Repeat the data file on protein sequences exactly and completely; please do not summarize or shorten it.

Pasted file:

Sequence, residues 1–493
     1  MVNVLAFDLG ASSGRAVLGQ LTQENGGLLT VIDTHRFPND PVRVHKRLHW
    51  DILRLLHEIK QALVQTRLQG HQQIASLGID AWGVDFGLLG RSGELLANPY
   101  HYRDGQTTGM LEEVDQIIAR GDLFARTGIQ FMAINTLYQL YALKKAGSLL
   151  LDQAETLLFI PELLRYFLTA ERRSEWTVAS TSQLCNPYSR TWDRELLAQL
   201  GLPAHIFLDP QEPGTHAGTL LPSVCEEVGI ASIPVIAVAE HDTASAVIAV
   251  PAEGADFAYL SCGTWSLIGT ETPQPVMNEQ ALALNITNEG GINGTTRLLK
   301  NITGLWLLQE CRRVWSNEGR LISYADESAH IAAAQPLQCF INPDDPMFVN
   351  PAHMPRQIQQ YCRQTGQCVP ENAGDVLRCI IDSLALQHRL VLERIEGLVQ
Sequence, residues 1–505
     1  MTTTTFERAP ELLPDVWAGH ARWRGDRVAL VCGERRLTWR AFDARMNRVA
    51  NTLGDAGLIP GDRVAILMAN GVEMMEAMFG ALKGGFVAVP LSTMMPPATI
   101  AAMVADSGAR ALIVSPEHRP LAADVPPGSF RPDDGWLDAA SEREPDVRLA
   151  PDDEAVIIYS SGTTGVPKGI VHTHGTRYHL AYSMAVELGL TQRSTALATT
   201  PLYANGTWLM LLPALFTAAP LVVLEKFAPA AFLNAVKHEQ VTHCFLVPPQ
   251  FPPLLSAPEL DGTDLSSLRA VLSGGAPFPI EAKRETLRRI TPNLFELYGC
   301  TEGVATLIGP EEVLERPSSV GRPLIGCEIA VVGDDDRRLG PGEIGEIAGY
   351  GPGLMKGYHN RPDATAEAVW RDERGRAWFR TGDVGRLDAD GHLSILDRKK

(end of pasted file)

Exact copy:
Sequence, residues 1–493
     1  MVNVLAFDLG ASSGRAVLGQ LTQENGGLLT VIDTHRFPND PVRVHKRLHW
    51  DILRLLHEIK QALVQTRLQG HQQIASLGID AWGVDFGLLG RSGELLANPY
   101  HYRDGQTTGM LEEVDQIIAR GDLFARTGIQ FMAINTLYQL YALKKAGSLL
   151  LDQAETLLFI PELLRYFLTA ERRSEWTVAS TSQLCNPYSR TWDRELLAQL
   201  GLPAHIFLDP QEPGTHAGTL LPSVCEEVGI ASIPVIAVAE HDTASAVIAV
   251  PAEGADFAYL SCGTWSLIGT ETPQPVMNEQ ALALNITNEG GINGTTRLLK
   301  NITGLWLLQE CRRVWSNEGR LISYADESAH IAAAQPLQCF INPDDPMFVN
   351  PAHMPRQIQQ YCRQTGQCVP ENAGDVLRCI IDSLALQHRL VLERIEGLVQ
Sequence, residues 1–505
     1  MTTTTFERAP ELLPDVWAGH ARWRGDRVAL VCGERRLTWR AFDARMNRVA
    51  NTLGDAGLIP GDRVAILMAN GVEMMEAMFG ALKGGFVAVP LSTMMPPATI
   101  AAMVADSGAR ALIVSPEHRP LAADVPPGSF RPDDGWLDAA SEREPDVRLA
   151  PDDEAVIIYS SGTTGVPKGI VHTHGTRYHL AYSMAVELGL TQRSTALATT
   201  PLYANGTWLM LLPALFTAAP LVVLEKFAPA AFLNAVKHEQ VTHCFLVPPQ
   251  FPPLLSAPEL DGTDLSSLRA VLSGGAPFPI EAKRETLRRI TPNLFELYGC
   301  TEGVATLIGP EEVLERPSSV GRPLIGCEIA VVGDDDRRLG PGEIGEIAGY
   351  GPGLMKGYHN RPDATAEAVW RDERGRAWFR TGDVGRLDAD GHLSILDRKK